That brings me to another point: Although I think it’s important to have a physician you like and trust, I also think it’s a good thing to check out the hospital or birthing center where you’ll deliver ahead of time. Check out your first choice and make sure they have all the amenities you want – room service, a hot tub, minibar, etc. Most places offer tours for expectant parents. Schedule a tour early in your pregnancy if your facility offers that. My obstetrician was great, but I was so disappointed in the hospital, the nurses, and my room that I searched for a new doctor when I learned I was pregnant with my fifth baby. I know you’ll be in the hospital for only a couple days and maybe it shouldn’t matter too much, but it does. The hospital room, rules, and especially staff can really make your delivery an awesome experience or an experience that makes you want to take your new baby and run from the hospital screaming. Because I’m basically a lazy person, one of the biggest draws to the birthing center was the fact that I never had to change rooms. I labored, delivered, recovered and spent the entirety of my stay in the same room. And that room was furnished with lovely wood floors, a whirlpool tub and a refrigerator, which played very well into my whole “vacation at the hospital” idea.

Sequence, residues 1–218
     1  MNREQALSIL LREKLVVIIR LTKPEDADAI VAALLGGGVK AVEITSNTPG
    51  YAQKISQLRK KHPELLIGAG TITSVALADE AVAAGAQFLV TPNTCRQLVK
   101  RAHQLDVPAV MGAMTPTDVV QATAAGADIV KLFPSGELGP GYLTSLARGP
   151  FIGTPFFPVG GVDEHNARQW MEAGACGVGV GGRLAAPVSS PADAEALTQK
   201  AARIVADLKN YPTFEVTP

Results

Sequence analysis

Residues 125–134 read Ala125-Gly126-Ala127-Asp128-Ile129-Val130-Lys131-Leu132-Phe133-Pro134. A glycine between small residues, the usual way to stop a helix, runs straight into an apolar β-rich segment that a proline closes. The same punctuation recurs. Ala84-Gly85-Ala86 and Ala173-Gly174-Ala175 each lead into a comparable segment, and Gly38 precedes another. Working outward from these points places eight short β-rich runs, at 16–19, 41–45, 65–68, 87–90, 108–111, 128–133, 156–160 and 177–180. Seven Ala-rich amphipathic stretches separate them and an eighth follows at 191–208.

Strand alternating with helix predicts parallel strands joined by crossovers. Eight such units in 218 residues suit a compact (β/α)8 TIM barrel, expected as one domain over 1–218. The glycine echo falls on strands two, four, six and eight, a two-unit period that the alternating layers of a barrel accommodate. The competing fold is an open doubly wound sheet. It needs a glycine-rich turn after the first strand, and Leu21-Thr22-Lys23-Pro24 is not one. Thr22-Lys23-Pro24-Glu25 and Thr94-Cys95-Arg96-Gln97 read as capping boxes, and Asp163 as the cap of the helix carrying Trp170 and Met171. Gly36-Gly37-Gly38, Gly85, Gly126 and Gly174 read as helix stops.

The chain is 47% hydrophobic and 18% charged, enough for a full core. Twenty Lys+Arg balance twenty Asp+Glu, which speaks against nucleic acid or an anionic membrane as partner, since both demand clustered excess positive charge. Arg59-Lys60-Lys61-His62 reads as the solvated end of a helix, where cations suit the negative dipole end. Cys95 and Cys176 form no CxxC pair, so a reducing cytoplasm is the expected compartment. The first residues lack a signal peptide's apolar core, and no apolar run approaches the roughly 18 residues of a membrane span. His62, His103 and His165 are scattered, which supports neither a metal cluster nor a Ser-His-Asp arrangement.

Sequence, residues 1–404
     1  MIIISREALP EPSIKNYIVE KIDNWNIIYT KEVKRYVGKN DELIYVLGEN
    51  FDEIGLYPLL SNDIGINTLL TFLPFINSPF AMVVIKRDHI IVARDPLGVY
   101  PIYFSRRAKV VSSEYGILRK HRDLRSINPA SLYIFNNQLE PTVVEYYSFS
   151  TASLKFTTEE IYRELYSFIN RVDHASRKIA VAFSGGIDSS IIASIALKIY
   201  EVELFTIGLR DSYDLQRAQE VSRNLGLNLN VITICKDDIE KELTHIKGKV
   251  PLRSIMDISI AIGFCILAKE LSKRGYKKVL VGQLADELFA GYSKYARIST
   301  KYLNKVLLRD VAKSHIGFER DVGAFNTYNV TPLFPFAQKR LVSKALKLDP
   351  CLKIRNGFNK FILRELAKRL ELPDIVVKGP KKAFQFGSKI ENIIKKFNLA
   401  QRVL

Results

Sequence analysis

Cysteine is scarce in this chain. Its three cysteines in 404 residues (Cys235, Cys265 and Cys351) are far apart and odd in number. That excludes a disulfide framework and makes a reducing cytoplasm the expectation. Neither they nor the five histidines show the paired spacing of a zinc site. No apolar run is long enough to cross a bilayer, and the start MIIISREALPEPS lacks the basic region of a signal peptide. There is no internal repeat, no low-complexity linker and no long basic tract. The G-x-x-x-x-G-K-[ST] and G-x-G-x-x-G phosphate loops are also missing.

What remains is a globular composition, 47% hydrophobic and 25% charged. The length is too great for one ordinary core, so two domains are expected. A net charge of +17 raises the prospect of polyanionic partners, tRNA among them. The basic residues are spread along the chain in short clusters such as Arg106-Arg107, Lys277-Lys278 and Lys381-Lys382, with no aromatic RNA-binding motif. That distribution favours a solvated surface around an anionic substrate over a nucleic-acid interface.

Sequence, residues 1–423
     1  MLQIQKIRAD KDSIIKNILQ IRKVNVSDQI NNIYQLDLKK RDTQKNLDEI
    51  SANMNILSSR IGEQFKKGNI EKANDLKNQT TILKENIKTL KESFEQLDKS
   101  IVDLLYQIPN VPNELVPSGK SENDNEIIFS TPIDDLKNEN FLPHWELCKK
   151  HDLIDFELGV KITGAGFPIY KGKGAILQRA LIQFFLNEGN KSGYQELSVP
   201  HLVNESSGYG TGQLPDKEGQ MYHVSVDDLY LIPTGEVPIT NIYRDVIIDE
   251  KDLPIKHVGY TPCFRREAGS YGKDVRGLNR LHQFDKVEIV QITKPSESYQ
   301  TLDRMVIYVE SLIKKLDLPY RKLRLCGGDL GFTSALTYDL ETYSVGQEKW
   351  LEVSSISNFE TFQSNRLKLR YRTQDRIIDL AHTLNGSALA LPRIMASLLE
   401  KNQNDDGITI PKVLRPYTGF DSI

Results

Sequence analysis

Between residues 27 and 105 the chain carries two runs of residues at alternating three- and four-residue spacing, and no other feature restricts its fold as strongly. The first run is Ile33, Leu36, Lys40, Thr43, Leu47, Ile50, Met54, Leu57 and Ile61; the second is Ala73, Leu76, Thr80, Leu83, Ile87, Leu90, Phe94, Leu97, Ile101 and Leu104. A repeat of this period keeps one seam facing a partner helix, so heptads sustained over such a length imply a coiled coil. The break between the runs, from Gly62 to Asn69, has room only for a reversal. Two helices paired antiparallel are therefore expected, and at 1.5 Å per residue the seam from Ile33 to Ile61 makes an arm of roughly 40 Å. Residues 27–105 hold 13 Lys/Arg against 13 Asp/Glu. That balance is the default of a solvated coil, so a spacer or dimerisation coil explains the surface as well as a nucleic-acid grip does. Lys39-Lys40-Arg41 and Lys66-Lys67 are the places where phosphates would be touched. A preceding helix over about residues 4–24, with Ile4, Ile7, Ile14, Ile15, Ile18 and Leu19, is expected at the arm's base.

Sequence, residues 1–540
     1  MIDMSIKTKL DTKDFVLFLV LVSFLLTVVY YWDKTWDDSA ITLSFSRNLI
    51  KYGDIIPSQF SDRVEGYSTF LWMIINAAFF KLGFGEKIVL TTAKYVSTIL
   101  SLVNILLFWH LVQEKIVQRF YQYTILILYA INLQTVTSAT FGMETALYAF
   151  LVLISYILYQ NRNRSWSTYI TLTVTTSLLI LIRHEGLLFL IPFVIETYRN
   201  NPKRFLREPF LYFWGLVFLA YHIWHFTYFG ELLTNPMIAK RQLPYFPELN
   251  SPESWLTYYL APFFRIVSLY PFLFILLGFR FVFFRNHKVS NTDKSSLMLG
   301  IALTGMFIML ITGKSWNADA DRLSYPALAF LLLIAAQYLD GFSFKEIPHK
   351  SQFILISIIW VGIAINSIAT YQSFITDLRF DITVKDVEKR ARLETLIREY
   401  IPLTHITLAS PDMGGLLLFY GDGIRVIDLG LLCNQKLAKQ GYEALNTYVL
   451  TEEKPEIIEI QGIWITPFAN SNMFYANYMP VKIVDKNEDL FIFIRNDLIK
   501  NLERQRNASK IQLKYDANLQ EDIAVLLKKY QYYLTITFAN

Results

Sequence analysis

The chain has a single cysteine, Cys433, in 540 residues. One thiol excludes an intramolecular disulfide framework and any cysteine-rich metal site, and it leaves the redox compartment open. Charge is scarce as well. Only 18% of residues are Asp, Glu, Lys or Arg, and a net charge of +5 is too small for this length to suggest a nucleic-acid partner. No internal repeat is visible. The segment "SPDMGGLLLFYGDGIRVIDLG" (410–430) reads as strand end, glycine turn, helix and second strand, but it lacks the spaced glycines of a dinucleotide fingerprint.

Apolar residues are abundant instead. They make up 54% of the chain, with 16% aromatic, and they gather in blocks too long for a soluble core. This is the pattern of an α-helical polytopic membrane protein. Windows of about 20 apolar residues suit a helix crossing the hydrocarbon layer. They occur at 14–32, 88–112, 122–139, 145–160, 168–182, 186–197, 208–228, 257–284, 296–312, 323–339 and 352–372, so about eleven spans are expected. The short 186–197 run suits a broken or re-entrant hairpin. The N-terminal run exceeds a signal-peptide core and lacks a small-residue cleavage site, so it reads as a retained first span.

You (or more specifically, your partner) may want to make a test run or two as well. You know, see how long it takes to load up the suitcase and drive to the hospital in regular conditions, at rush hour, through construction or during a snowstorm.
You’ll want to make sure the doctors you choose accept your insurance. If they don’t, you could wind up like my friend Amy, who had to make monthly payments and didn’t own her daughter free and clear until she was three years old.